An investigation of fatigue failure in wood subjected to load cycles in compression parallel to grain is presented. Fatigue failure is found to depend both on the total time under load and on the number of cycles.Recent accelerated fatigue research on wood is reviewed, and a discrepancy between failure explanation under fatigue and static load conditions is observed. In the present study small clear specimens of spruce are taken to failure in square wave formed fatigue loading at a stress excitation level corresponding to 80% of the short term strength. Four frequencies ranging from 0.01 Hz to 10 Hz are used. The number of cycles to failure is found to be a poor measure of the fatigue performance of wood. Creep, maximum strain, stiffness and work are monitored throughout the fatigue tests. Accumulated creep is suggested identified with damage and a correlation between stiffness reduction and accumulated creep is observed. A failure model based on the total work during the fatigue life is rejected, and a modified work model based on elastic, viscous and non-recovered viscoelastic work is experimentally supported, and attempted explained at a microstructural level. The outline of a model explaining the interaction of the effect of load duration and the effect of the loading sequences is presented.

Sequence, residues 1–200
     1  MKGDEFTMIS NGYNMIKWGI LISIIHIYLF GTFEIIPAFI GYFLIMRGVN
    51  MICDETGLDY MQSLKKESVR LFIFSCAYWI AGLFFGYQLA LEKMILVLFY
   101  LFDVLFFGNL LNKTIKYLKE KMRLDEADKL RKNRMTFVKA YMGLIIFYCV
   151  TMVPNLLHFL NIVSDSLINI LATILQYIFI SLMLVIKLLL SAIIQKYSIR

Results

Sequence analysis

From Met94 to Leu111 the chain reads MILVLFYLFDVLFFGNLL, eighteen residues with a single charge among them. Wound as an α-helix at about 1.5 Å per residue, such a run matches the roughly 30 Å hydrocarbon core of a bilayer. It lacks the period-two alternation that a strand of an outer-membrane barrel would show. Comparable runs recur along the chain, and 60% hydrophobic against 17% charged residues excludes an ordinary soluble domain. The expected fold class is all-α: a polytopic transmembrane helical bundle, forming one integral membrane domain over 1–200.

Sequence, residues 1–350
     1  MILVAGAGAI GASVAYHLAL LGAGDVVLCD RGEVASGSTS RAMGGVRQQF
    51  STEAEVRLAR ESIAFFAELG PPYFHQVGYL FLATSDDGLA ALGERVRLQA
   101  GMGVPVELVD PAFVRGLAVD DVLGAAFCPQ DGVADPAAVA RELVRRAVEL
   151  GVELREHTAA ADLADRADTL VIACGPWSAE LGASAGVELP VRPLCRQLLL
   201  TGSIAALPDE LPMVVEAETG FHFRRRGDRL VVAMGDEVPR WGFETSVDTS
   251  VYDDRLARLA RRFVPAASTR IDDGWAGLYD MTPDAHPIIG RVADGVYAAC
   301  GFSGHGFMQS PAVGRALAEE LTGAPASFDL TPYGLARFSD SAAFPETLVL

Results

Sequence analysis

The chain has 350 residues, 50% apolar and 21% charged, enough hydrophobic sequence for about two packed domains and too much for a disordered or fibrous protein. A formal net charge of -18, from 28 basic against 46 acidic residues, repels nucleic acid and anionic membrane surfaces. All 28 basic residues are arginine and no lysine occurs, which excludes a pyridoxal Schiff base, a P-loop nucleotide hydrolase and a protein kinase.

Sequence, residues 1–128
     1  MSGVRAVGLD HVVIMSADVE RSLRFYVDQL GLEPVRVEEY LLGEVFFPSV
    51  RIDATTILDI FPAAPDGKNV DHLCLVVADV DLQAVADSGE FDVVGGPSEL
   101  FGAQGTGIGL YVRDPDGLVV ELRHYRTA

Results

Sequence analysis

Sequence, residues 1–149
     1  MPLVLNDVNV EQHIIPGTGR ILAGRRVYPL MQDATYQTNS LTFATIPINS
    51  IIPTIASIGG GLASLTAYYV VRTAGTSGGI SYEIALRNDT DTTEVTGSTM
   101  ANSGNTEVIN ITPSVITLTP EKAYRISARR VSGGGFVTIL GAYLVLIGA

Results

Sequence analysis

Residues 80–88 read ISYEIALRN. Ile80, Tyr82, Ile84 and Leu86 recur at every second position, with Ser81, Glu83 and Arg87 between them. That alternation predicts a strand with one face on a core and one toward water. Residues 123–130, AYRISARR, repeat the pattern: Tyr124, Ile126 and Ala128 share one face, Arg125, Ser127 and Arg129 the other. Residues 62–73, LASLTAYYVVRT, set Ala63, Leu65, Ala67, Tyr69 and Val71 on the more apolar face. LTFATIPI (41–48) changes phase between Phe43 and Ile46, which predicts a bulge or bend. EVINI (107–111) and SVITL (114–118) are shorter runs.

|Title of host publication||Proceedings of the 1996 International Conference on Wood Mechanics|
|Place of Publication||Stuttgart|
|Publication status||Published - 1996|
|Event||1996 International Conference on Wood Mechanics - Stuttgart, Germany|
Duration: 14 May 1996 → 16 May 1996
|Conference||1996 International Conference on Wood Mechanics|
|Period||14/05/1996 → 16/05/1996|